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J Korean Soc Emerg Med > Volume 22(1); 2011 > Article
Journal of The Korean Society of Emergency Medicine 2011;22(1): 59-64.
Availability of the Peripheral Perfusion Index for Monitoring of Hemodynamic Stability in the Emergency Department
Sung Uk Cho, Kyu Hong Han, Seung Ryu, In Sool Yoo
Department of Emergency Medicine, College of Medicine, Chungnam National University, Korea. rs0505@cnu.ac.kr
ABSTRACT
PURPOSE:
In hemodynamically unstable patients, tissue perfusion is decreased and various means of continuous observation are required. However, prior methods for observing hemodynamic instability are invasive and/or difficult for continual observation. The present study evaluated the usefulness of the perfusion index (PI) in monitoring hemodynamically unstable patients in the emergency department.
METHODS:
From December, 2009 to April, 2010, patients admitted to our hospital emergency department with signs of hemodynamic instability were studied. Vital signs and stroke volume index (SVI) and cardiac index (CI) were measured, and PI was continuously monitored by a Radical-7 pulse oximeter (Masimo, USA). Each variable was measured 1 hour before and after treatment, and treatment methods included fluid therapy and vasoconstrictors, according to the patient condition. Status on changes and correlation between variables following treatment were confirmed through the Wilcoxon rank test and Spearman correlation test, respectively. The standard level of significance was p<0.05.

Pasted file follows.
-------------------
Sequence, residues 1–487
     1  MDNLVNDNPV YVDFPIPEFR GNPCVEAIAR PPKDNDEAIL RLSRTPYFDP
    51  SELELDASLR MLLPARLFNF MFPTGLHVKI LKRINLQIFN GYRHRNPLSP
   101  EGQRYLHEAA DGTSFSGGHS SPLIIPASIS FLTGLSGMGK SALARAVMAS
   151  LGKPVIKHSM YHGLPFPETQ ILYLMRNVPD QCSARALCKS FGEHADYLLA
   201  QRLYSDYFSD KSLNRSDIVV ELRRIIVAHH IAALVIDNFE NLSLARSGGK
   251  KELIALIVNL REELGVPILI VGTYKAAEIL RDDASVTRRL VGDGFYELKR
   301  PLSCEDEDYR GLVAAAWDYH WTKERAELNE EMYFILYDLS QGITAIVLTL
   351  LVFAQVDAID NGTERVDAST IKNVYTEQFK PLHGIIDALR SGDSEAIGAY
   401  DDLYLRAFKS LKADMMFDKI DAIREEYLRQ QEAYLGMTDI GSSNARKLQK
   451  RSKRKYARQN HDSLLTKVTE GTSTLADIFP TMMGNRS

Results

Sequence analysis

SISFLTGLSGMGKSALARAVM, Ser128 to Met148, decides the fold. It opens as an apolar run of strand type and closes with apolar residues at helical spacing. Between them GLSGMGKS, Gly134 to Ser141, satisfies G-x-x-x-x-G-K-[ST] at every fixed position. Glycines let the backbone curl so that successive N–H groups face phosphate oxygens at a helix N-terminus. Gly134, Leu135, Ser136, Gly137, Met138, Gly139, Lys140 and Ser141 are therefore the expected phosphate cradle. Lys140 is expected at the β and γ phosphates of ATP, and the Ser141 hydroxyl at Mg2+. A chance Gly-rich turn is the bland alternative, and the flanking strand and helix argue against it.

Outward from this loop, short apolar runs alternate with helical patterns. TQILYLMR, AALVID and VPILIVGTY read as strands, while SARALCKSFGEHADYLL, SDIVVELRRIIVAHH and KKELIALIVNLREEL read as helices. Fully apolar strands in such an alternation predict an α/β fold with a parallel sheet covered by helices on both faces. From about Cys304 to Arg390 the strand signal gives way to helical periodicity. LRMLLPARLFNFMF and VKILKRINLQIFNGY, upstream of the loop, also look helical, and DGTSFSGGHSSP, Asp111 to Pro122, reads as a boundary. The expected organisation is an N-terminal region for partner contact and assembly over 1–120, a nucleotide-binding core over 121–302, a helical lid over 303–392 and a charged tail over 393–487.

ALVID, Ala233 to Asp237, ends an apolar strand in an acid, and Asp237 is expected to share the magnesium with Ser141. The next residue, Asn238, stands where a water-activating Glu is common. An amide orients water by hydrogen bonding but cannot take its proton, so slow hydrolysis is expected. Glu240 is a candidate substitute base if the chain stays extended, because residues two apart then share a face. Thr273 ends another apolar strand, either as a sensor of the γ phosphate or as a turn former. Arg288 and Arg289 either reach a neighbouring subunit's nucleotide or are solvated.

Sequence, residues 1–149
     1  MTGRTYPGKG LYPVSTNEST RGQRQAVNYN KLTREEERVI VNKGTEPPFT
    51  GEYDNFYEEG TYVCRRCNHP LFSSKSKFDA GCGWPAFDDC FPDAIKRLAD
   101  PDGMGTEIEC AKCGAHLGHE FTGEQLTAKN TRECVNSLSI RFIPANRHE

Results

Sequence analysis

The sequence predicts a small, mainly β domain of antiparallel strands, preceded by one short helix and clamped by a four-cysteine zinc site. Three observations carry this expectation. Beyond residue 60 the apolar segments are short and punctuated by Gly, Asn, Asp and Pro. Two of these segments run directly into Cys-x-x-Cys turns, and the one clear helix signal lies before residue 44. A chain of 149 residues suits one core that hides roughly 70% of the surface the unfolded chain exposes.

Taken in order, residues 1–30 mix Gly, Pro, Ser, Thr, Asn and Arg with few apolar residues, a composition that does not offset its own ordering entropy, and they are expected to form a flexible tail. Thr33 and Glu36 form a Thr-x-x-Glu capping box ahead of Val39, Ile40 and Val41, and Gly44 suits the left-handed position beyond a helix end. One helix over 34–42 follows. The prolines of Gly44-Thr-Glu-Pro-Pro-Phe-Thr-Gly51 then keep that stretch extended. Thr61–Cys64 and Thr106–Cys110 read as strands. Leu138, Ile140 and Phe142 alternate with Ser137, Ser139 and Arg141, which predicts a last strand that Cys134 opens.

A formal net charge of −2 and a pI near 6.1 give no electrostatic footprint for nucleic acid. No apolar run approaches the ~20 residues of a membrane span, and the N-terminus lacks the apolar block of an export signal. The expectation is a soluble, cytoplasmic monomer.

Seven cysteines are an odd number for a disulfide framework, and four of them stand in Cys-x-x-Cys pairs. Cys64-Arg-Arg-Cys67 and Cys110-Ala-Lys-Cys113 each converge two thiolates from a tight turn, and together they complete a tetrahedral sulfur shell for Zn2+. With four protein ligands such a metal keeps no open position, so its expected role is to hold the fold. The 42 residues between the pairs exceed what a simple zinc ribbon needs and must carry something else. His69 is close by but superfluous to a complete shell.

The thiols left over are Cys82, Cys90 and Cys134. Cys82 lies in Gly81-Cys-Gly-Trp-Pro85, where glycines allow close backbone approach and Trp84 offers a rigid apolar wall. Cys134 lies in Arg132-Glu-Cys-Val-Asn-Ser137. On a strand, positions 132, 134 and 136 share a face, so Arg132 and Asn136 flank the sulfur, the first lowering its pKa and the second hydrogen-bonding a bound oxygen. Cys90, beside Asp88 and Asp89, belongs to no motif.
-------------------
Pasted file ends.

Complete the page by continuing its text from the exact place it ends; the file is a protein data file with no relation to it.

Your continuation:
RESULTS:
Of the 26 patients, 19 were male (73.1%), with an average age of 68.54+/-14.32 years. Significant changes in each variable 1 hour before and after treatment were mean arterial pressure 53.51+/-8.29mmHg / 74.68+/-12.95 mmHg (p<0.001), SVI 26.70+/-14.04/34.27+/-13.56(p<0.001), CI 2.12+/-1.02/3.12+/-1.53(p<0.001), and PI 1.23+/-1.00/1.77+/-1.32(p<0.001). Variations of heart rate (R=-0.430, p=0.032) and SVI (R=0.432, p=0.031) were correlated to the variation of PI (dPI).
CONCLUSION:
PI may be useful in monitoring hemodynamically unstable patients in the ER.
Key words: Cardiac output, Hemodynamics, Perfusion, Pulse oximetry
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